Next questions
Are there factors during vaginal delivery that affect risk of urinary incontinence?

Does a woman's age at first delivery affect her risk for incontinence?

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1.2. HYSTERECTOMY

1.2.1
Is urinary incontinence more common among women who have had a hysterectomy?

van der Vaart CH, van der Bom JG. The contribution of hysterectomy to the occurrence of urge and stress urinary incontinence symptoms. BJOG 2002 Feb;109(2):149-54.

Why they did the study
By age 60, up to a quarter of women have had a hysterectomy to relieve symptoms of non life-threatening conditions. Previous studies have shown that hysterectomy may be associated with the development of urinary incontinence later in life. The authors wanted to more precisely quantify how much hysterectomy increased odds of developing stress or urge incontinence following hysterectomy to help women make sound decisions.

How they did it
The authors surveyed a random sample of women 35 to 70 years old in the Netherlands. 1,626 women responded to questions about their obstetrical history, prior hysterectomy and urinary incontinence. They did not ask women who had had a hysterectomy to specify whether it was done abdominally or intravaginally. The women were asked whether they experienced stress incontinence -- "urine leakage related to physical activity, coughing or sneezing" -- or urge incontinence -- "leakage related to a feeling of urgency" -- and whether they were bothered by these symptoms.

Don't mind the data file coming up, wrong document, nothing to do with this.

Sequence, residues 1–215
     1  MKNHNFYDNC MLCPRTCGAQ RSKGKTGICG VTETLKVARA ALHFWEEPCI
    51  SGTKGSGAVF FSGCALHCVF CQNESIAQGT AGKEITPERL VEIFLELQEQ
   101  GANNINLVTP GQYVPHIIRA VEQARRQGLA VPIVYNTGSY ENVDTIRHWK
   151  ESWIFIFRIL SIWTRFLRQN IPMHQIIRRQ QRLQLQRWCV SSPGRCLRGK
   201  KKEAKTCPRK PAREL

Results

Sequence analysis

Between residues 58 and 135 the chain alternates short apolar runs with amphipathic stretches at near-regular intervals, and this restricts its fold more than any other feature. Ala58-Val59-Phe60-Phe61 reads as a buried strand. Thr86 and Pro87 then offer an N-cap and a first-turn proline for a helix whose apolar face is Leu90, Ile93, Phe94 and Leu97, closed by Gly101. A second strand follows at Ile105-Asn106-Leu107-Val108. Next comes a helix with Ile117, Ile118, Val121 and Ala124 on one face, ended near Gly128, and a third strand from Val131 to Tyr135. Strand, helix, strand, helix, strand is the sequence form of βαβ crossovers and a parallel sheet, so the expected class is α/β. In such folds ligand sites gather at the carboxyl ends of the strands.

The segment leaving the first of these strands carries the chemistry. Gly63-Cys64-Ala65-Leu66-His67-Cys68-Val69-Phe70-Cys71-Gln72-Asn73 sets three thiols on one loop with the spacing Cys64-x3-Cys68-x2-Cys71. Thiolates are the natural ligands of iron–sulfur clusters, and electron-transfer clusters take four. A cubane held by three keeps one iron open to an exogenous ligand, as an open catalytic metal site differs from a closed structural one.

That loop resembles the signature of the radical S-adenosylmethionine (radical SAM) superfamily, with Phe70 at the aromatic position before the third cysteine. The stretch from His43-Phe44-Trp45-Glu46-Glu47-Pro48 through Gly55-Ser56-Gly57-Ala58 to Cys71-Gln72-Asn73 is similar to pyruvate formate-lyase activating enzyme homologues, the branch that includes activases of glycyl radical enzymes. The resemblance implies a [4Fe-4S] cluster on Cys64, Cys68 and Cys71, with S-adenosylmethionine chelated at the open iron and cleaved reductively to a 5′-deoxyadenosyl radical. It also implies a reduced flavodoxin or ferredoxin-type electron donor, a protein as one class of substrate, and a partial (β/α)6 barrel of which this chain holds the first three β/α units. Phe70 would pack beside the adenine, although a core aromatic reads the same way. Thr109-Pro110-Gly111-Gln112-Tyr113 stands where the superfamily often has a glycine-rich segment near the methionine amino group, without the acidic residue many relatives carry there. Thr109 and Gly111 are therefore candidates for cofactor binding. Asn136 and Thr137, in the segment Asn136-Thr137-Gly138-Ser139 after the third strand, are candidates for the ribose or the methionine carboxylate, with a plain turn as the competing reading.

Statistical analyses were then performed to calculate how much hysterectomy increased the odds of developing stress or urge incontinence. Other variables thought to be related to incontinence -- age, parity (number of previous pregnancies) and educational level -- were entered into the analysis one at a time to determine their effect on the relationship between incontinence and hysterectomy.

What they found

  • Among women under 60 years of age, hysterectomy increased the odds of urinary incontinence by 30% (OR 1.3).
  • Among women 60 and over, hysterectomy increased the odds of urinary incontinence by 60% (OR 1.6).
  • The association between hysterectomy and urge incontinence was not limited to women 60 and over, but was also seen among women under 60.
  • Hysterectomy did not increase the odds of developing stress urinary incontinence.

Why it matters
Urge incontinence has a negative impact on women's quality of life, even more than stress incontinence. If hysterectomy increases the risk of urge urinary incontinence, women should be counselled about this risk when they are scheduled for hysterectomy. They should be encouraged to weigh the benefits of hysterectomy in resolving uterine bleeding against the increased odds of developing urge incontinence later in life.

Next question
Why hysterectomy is a risk factor for urge urinary incontinence is not well understood. Does damage during surgery, especially to the detrusor muscle, produce bladder supersensitivity,?

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1.2.2
Hysterectomy increases the risk for mild fecal incontinence

Forsgren C, Zetterström J, Lopez A et al. Effects of hysterectomy on bowel function: a three-year, prospective cohort study. Dis Colon Rectum 2007 Aug;50(8):1139-45.

Why they did the study